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2012: whole bunches come into their own. More stalks for greater delicacy
An exceptional year called for exceptional vinification methods. Following on from the trials which have been carried out since 2005 with vendanges entières – which involves keeping a proportion of the grapes in whole bunches – Grégory Patriat, the winemaker at Jean-Claude Boisset, chose the 2012 vintage to push the method to its natural conclusion. All the company’s fine wines were produced using this method last year to bring out their exceptional potential.
It’s true that retaining the stalks makes vinification more risky; the cap has more volume and is therefore thicker, making extraction more delicate. Care must be taken not to over- or under-extract.
But contrary to received ideas, including a proportion of bunches with their stalks in the wine enhances it, providing coherence, additional floral aromas, length and a good rounded structure with depth. There are none of the little gaps that can sometimes be detected in the middle of the flavors by those with a very sensitive palate. This rather unusual method results in an “esthete’s wine”, with less intense color but more finesse and subtlety.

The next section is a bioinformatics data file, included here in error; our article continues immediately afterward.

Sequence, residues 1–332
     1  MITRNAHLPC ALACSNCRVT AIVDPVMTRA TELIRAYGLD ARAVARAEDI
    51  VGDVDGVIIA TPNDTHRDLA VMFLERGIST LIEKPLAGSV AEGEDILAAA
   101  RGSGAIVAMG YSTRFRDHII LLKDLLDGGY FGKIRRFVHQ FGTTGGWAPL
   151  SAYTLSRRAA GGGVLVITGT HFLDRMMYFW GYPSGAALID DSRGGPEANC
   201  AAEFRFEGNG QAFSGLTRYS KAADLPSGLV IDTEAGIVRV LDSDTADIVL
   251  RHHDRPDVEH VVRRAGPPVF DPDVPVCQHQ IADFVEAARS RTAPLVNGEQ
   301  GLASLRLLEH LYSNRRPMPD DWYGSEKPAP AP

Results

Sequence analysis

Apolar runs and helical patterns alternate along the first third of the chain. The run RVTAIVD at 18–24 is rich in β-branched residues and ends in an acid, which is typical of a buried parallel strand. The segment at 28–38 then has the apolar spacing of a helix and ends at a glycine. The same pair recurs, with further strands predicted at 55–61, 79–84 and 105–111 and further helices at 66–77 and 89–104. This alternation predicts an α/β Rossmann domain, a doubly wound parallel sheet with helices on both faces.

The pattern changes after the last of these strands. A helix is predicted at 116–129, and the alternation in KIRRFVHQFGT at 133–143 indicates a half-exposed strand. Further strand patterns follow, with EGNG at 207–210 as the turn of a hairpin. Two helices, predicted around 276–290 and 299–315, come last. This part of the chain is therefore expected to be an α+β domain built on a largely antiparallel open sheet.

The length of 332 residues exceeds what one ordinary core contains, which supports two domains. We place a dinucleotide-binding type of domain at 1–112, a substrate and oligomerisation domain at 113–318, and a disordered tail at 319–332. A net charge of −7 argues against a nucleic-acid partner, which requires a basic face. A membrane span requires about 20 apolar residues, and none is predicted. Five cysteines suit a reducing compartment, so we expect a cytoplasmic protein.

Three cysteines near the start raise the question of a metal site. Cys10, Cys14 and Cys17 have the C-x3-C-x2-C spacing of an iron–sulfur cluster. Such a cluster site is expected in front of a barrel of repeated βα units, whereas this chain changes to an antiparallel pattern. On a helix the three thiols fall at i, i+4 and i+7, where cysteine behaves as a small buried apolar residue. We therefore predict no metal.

Wines which were not de-stalked include the famous grand cru Clos de La Roche, all the premier crus such as the Chambolle-Musigny Les Charmes, the Beaune Les Grèves, and certain emblematic village appellations like Gevrey-Chambertin and, since 2005, the Nuits-Saint-Georges Charbonnières, which has demonstrated over time an incomparable rounded, silky texture.
For this avant-garde winery, the technique is not a matter of the vintage, the ripeness of the stalks, or the percentage of whole bunches: it is a genuine philosophy. If that’s what you believe in, it should be applied every year.